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Old 02-21-2021, 08:01 PM   #1
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Looking to Change State Residency and to Cruise

Hi there,

My wife and I are closing in on selling the dirt home and moving aboard our about to be purchased GB, and to cruise. We live in the NE and know we'll end up somewhere in FL a few years from now. Until then we plan on cruising the East Coast, and Caribbean.

As we approach the purchase of our next boat, we'd like to minimize excessive fees that are not value added. The boat is USCG documented.

We're exploring starting to use this service and was wondering if anyone one else uses this service:

https://www.sbimailservice.com/how-it-works/

The ultimate goal is to escape a NE state and all of the taxes and do what we need to do so the new USCG documented boat and dinghy is registered in a more tax friendly state. We'll also change our drivers licenses etc....

Thanks much,

Jim
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Old 02-21-2021, 08:02 PM   #2
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Looking to Change State Residency and Cruise for Several Years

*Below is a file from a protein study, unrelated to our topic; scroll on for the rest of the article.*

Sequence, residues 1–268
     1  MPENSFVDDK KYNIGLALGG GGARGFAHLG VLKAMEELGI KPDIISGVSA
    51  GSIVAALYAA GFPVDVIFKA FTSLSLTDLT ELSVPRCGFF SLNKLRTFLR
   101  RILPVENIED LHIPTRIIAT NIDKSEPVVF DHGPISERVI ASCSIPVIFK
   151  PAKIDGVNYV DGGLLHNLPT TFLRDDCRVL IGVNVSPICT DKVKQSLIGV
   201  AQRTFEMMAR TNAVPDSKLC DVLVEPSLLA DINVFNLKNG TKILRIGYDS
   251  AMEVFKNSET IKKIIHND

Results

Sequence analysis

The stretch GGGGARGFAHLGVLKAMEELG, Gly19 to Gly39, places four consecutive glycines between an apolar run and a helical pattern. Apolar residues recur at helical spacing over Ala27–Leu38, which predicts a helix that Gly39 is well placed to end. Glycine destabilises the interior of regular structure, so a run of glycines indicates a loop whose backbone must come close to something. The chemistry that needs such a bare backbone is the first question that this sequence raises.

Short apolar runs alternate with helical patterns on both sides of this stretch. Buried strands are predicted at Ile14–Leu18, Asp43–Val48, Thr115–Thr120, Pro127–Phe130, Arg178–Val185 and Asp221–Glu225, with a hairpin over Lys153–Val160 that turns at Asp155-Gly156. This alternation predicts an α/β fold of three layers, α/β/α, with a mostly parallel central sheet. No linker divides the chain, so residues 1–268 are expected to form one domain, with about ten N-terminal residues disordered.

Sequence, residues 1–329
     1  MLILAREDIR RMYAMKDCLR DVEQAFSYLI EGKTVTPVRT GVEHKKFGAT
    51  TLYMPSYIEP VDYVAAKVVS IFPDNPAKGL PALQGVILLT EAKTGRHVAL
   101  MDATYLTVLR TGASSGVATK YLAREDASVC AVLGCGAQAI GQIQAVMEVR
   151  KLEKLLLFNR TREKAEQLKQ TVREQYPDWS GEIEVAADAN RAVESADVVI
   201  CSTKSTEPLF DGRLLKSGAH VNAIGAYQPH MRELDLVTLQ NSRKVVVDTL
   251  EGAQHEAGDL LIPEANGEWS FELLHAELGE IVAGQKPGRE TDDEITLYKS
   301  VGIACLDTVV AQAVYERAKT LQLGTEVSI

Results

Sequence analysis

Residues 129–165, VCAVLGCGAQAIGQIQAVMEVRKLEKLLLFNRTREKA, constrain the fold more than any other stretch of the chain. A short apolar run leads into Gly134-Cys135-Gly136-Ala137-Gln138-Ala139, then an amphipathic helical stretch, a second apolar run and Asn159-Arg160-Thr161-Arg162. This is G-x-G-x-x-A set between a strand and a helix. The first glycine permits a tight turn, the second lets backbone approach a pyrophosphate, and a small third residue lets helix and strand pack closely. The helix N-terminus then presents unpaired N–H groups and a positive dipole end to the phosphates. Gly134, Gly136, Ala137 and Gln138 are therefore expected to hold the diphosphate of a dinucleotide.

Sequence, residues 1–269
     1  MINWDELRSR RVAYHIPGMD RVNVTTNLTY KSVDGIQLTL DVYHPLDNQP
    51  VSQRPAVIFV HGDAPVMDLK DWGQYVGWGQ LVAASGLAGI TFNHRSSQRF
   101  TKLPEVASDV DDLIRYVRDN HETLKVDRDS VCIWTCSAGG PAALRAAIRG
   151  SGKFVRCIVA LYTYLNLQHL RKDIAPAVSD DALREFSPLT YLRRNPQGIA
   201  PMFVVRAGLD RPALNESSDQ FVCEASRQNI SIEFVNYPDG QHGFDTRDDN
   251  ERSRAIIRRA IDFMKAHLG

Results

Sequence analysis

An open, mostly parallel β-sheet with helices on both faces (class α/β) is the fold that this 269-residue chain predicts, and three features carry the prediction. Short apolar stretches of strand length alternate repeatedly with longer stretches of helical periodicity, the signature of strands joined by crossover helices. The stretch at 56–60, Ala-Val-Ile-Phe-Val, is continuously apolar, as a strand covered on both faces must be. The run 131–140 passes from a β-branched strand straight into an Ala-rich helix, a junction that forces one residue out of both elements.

Hi there,

My wife and I are closing in on selling the dirt home and moving aboard our about to be purchased GB, and to cruise. We live in the NE and know we'll end up somewhere in FL a few years from now. Until then we plan on cruising the East Coast, and Caribbean.

As we approach the purchase of our next boat, we'd like to minimize excessive fees that are not value added. The boat is USCG documented.

We're exploring starting to use this service and was wondering if anyone one else uses this service:

https://www.sbimailservice.com/how-it-works/

The ultimate goal is to escape a NE state and all of the taxes and do what we need to do so the new USCG documented boat and dinghy is registered in a more tax friendly state. We'll also change our drivers licenses etc....

Thanks much,

Jim
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Old 02-21-2021, 08:21 PM   #3
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I have friends that are full time cruisers. They live and work from their sailboat. All mail is forwarded to a service. They are documented. They are careful not to stay in one place too long. They do not own a dirt dwelling. They do not pay registration or state taxes. They have cruised from SEAK down the coast and are currently in Mexico.
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Old 02-21-2021, 09:57 PM   #4
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Currently I am a resident of GA.
To change my residency to FL, I must get a FL driver's license, giving up my GA driver's license and the plates on the car. Of course I will have to inform my health care insurance of the address change.